Grey squirrels were introduced into the UK from the US in the 1870s and they are blamed for the decline in the native reds.
It has been known for some time, but a recent study led by Joshua Twining, of the School of biological sciences at Queen’s University Belfast, supports the fact that red squirrels can benefit from an ally: the pine marten. Pine martens do occasionally eat red squirrels but they much prefer greys. Perhaps the word “prefer” is the wrong one. Some scientists believe that the red squirrel is more agile than the grey and rarely feeds on the ground. This removes them from the danger of attack by a pine marten.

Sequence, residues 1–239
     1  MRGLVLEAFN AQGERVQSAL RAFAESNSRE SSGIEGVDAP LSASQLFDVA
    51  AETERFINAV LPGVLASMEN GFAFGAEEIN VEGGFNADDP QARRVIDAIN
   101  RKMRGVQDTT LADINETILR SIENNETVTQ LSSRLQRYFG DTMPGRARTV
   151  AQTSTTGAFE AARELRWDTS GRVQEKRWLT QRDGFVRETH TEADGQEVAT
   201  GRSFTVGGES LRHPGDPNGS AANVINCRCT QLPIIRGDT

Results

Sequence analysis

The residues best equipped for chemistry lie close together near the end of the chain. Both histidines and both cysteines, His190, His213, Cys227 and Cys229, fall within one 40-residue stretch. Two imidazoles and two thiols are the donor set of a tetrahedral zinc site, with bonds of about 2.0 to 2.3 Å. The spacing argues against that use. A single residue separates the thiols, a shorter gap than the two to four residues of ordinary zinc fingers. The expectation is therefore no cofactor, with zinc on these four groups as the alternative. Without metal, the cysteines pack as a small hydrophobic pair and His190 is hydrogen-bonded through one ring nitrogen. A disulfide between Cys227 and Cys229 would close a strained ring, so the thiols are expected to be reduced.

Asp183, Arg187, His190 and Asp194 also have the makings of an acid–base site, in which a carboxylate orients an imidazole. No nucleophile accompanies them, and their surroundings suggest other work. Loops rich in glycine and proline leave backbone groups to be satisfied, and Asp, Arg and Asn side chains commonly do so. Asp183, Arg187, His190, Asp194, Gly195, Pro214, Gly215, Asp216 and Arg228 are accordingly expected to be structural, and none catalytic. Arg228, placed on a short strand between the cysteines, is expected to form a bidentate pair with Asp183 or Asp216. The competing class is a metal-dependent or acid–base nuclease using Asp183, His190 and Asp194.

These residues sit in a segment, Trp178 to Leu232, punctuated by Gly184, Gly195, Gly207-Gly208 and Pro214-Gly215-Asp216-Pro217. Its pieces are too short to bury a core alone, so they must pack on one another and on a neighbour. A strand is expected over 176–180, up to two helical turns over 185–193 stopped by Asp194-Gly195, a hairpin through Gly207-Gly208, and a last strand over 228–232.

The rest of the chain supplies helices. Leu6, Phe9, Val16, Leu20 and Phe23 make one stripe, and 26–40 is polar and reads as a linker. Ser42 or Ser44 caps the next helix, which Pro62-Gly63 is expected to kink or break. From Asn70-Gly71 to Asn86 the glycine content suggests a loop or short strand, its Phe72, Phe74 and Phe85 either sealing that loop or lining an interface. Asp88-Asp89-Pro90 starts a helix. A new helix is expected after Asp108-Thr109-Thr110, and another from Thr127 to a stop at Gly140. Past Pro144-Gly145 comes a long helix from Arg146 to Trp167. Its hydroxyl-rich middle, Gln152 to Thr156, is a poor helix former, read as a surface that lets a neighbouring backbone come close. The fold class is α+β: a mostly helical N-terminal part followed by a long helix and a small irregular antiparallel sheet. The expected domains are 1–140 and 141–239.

However, it is said that pine martens raid the dreys of grey squirrels. “Dreys” are rough nests made by squirrels out of leaves, twigs and strips of bark which they build in the forks of branches high up in the tree canopy.
An earlier study published on March 7, 2018 also confirmed that pine martens can reverse the spread of the invasive grey squirrel and help the conservation of red squirrels in the UK.